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Posted 7 Feb 2017
Licenced MIT

How To Play Audio Files in Xamarin.Forms

, 7 Feb 2017
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Play any audio files by using DependencyService with MediaPlayer for Android and AVAudioPlayer for iOS

Audio, sound, or music can be an essential part of mobile apps. Unfortunately, Xamarin.Forms doesn't support this directly from their API. But of course, it can be implemented easily by using DependencyService. This time, I'll show you how to implement this Audio Player in Xamarin.Forms with the help of DependencyService. Also, I'll show you how to integrate it using a simple MVVM Pattern.

First thing first, create a new Xamarin.Forms Solution. Use Portable Class library and XAML for user interface. Let's name this solution AudioPlayer. Now that we've created a new solution, we'll have three projects: Portable Library, iOS, and Android. We'll implement one by one starting from our core Portable Library.

Audio Player Service Interface

Let's head to our portable library project, AudioPlayer. Create a new interface called IAudioPlayerService. This Audio Service will have 4 core functions:

  • Play(string pathToAudio): Play an audio file which path is defined by pathToAudio.
  • Play(): Same with previous function, but it'll play the audio from previous session if paused.
  • Pause(): This will pause current audio session. We'll use Play() to resume audio playing.
  • OnFinishedPlaying: This Action will be fired if audio player reached the end of file, which means audio playing is stopped.

Based on those functions, here is how our interface looks like:

public interface IAudioPlayerService
{
  void Play(string pathToAudioFile);
  void Play();
  void Pause();
  Action OnFinishedPlaying { get; set; }
}

The next step is to implement audio player service for each platform based on this interface.

Audio Player Service iOS Implementation

For this step, let's head to iOS project. Create a new class called AudioPlayerService and implement IAudioPlayerService interface. Also don't forget to put [assembly: Dependency(typeof(AudioPlayerService))] on top of namespace declaration.

In iOS environment, we're going to use AVAudioPlayer class to handle audio player. So we're going to declare _audioPlayer as a private variable. We won't need anything to initialize this class, so we're going to leave the constructor empty.

private AVAudioPlayer _audioPlayer = null;
public Action OnFinishedPlaying { get; set; }

public AudioPlayerService()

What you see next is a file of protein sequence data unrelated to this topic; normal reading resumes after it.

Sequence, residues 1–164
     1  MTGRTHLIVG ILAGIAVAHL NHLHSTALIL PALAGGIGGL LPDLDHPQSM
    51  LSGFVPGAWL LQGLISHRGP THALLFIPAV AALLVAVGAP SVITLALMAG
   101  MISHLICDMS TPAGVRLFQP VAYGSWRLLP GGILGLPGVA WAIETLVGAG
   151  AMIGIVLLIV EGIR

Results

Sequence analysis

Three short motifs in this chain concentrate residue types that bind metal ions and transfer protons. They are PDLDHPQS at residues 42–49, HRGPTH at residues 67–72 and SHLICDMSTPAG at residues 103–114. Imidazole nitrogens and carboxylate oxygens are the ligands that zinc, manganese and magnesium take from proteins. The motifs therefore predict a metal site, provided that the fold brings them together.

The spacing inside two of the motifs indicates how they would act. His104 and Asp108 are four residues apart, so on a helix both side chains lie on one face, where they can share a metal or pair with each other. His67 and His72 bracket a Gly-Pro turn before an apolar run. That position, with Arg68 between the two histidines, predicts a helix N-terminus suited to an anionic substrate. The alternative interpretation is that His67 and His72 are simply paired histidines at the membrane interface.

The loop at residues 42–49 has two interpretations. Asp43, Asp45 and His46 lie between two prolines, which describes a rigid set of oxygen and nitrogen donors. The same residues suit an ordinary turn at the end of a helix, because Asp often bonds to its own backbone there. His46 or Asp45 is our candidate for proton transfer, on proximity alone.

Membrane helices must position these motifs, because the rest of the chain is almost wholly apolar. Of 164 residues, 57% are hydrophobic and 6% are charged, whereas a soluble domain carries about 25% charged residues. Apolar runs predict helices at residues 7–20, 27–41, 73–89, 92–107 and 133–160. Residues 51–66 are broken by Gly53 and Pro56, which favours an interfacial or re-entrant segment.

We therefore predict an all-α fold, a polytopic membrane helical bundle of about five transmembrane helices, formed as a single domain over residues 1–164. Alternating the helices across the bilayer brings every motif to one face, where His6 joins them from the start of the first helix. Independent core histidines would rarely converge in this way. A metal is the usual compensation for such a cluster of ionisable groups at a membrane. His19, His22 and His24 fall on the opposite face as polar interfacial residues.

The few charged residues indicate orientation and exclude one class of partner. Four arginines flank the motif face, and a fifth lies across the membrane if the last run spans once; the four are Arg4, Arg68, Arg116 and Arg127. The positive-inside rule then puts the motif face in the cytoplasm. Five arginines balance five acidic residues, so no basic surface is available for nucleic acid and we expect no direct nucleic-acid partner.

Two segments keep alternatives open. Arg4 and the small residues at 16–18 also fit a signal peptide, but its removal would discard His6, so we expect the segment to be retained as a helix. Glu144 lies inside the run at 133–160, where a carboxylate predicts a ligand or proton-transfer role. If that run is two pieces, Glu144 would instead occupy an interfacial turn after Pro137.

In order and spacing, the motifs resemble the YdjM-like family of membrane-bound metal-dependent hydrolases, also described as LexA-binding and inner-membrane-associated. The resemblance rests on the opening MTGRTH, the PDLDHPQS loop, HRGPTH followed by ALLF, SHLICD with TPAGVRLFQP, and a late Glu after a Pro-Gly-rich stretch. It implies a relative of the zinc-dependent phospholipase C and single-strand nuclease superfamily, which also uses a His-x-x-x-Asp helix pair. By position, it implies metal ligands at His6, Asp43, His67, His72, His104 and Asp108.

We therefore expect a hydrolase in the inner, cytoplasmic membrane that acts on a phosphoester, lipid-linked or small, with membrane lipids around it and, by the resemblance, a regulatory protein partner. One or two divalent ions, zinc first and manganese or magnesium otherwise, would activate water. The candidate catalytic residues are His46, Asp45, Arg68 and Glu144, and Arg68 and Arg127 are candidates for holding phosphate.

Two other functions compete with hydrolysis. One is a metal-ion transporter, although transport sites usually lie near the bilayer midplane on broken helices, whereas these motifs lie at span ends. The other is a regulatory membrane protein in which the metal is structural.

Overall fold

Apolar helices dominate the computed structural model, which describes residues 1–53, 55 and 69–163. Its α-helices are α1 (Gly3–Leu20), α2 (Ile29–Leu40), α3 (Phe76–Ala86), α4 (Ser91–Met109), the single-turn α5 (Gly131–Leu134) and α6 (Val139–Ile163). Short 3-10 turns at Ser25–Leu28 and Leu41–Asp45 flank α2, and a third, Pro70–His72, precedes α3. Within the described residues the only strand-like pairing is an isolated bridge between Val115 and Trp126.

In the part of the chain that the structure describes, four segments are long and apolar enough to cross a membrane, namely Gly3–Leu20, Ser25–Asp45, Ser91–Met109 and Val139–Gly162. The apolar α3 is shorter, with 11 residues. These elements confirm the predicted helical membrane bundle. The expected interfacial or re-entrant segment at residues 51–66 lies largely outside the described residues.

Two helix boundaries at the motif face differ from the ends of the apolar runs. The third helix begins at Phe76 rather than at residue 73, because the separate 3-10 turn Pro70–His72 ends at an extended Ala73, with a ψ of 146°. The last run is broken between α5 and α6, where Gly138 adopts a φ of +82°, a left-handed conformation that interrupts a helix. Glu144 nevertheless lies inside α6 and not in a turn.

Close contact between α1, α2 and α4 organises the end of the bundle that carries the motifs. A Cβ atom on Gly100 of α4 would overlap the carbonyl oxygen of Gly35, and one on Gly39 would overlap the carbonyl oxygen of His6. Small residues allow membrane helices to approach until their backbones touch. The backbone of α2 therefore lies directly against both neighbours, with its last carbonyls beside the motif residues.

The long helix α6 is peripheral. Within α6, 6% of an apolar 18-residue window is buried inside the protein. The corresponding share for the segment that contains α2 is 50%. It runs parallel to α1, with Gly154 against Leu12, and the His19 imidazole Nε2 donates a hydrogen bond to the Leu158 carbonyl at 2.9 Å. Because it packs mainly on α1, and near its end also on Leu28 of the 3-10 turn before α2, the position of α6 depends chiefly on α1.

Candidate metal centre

{
}

Next, we're going to implement Play(string) function. It'll look for the file under Resources folder in iOS project at first, then an AVAudioPlayer class will be created by using pathToAudioFile parameter as path to audio file relative to Resources folder. So for example, if you have file under Resources/file.mp3, you can just call this function like this: Play("file.mp3").

But before we play the audio file, we need to check if _audioPlayer is playing another file. All we need to do is remove FinishedPlaying event and stop the audio playing. After that, create an AVAudioPlayer object. Then add a FinishedPlaying event listener and finally, we can just call _audioPlayer.Play() to start playing the audio.

public void Play(string pathToAudioFile)
{
  // Check if _audioPlayer is currently playing
  if (_audioPlayer != null)
  {
    _audioPlayer.FinishedPlaying -= Player_FinishedPlaying;
    _audioPlayer.Stop();
  }

  string localUrl = pathToAudioFile;
  _audioPlayer = AVAudioPlayer.FromUrl(NSUrl.FromFilename(localUrl));
  _audioPlayer.FinishedPlaying += Player_FinishedPlaying;
  _audioPlayer.Play();
}

For the rest of the functions, we just need to call the equivalent of each native functions. The following snippet is what you need to implement those functions.

private void Player_FinishedPlaying(object sender, AVStatusEventArgs e)
{
  OnFinishedPlaying?.Invoke();
}

public void Pause()
{
  _audioPlayer?.Pause();
}

public void Play()
{
  _audioPlayer?.Play();
}

OnFinishedPlaying action is invoked under Player_FinishedPlaying event listener because it indicates that the player has finished playing the audio file.

Audio Player Service Android Implementation

Android implementation is similar to iOS. The equivalent native class that can be used to handle audio playing is MediaPlayer. So let's declare a private variable called _mediaPlayer. Also, we don't need anything for initialization of this class, so I just left the constructor empty.

private MediaPlayer _mediaPlayer;
public Action OnFinishedPlaying { get; set; }

public AudioPlayerService()
{
}

If iOS looks for the file under Resources folder, then Android uses Assets folder equivalently. So if your mp3 file is under Assets/file.mp3 is equivalent with iOS under Resources/file.mp3.

Similar with iOS version, before we play the audio file, we need to remove Completion event listener and stop _mediaPlayer if it's currently playing. The difference with iOS is we can't just create a new MediaPlayer native class with selected file name. We're going to need AssetFileDescriptor to read the file. Then the MediaPlayer needs to be prepared by calling PrepareAsync.

This preparation is handled asynchronously. So we need to implement an event listener called Prepared when preparation is completed. Then under Prepared event listener, we can implement Completion event listener to indicate that _mediaPlayer finished playing the audio file and also call Start() function to start audio playing process.

public void Play(string pathToAudioFile)
{
  if (_mediaPlayer != null)
  {
    _mediaPlayer.Completion -= MediaPlayer_Completion;
    _mediaPlayer.Stop();
  }

  var fullPath = pathToAudioFile;

  Android.Content.Res.AssetFileDescriptor afd = null;

  try
  {
    afd = Forms.Context.Assets.OpenFd(fullPath);
  }
  catch (Exception ex)
  {